When I was growing up, my mother often recounted the story of a dermatologist who figured out that the fungal infection in her hands stemmed from sensitivity to dishwashing liquid. He had asked basic questions about her living circumstances during the first visit, recommended she wear gloves when washing dishes from that point on, and saw improvement in the follow-up appointment. He didn’t charge her for the second appointment as he knew my mom was uninsured at the time and struggling financially. When my mom inquired about the fee, he simply said, “Your getting well is my fee” and gave her sample medications.
Hearing this account made me realize what a significant impact socioeconomic status has on health. As a minor and an American citizen growing up in New York City, I was fortunate to be automatically insured. I took for granted regular visits to the pediatrician. However, when my mom immigrated to the United States, access to basic medical care was a luxury.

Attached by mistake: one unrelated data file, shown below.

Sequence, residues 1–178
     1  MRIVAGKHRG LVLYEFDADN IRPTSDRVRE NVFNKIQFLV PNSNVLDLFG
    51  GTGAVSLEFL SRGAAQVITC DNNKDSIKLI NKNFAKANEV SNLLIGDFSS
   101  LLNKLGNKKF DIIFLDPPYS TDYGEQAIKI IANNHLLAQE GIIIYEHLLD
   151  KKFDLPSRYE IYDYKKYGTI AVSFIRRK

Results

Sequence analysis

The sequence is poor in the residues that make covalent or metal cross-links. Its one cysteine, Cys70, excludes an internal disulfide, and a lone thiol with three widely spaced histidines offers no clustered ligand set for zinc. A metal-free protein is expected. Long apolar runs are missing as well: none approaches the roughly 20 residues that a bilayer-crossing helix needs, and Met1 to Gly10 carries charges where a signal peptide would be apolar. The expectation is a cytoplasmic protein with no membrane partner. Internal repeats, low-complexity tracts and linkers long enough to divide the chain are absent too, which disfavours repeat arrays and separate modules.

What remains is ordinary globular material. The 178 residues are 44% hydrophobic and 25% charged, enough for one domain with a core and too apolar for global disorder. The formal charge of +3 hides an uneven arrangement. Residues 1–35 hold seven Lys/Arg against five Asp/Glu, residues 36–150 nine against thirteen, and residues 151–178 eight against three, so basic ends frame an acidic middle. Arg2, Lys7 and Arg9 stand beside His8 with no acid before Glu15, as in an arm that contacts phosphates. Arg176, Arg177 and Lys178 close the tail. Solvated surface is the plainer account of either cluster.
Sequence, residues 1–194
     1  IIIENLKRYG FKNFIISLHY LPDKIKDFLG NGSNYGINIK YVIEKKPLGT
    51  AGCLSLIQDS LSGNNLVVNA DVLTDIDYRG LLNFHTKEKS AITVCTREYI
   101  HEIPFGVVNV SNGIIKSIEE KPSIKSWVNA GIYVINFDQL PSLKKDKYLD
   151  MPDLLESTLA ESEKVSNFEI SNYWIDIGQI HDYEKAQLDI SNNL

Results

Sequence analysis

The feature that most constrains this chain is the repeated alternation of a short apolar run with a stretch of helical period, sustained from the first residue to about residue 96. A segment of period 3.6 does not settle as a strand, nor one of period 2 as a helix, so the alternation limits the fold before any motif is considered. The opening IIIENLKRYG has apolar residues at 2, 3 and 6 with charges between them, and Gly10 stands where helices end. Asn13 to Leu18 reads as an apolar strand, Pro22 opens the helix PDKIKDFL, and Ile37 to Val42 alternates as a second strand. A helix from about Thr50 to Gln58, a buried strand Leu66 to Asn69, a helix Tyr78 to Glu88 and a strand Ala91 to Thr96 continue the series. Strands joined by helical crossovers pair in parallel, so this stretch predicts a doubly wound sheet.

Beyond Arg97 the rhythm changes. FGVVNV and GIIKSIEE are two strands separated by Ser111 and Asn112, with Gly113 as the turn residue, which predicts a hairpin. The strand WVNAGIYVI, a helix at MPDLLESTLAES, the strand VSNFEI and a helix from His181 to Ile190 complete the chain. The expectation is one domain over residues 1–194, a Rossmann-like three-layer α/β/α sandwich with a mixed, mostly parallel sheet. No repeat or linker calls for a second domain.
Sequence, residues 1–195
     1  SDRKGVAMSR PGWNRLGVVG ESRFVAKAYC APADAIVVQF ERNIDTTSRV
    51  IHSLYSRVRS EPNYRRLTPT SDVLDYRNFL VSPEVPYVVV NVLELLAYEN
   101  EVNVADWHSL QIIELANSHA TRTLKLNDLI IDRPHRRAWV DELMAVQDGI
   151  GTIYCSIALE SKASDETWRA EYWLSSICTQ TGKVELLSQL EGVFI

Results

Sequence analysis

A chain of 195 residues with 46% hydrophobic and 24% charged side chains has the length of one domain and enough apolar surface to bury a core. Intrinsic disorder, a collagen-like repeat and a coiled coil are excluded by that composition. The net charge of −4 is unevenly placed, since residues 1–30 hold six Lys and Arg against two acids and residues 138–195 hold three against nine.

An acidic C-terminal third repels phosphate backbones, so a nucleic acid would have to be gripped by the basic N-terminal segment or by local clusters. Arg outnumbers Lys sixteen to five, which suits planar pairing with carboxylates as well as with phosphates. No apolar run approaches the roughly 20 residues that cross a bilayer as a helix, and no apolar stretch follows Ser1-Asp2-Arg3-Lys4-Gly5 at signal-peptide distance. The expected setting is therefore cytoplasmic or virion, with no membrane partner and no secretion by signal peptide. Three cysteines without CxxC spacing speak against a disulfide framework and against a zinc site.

It would be naïve, though, for me to confine the implications of this account to unequal access to health care services. What was particularly salient for me was that this physician took the time to learn more about my mom’s living conditions. In the end, where and how she lived served as the most helpful indicators of the treatment she needed...
Read full article originally posted on Primary Care Progress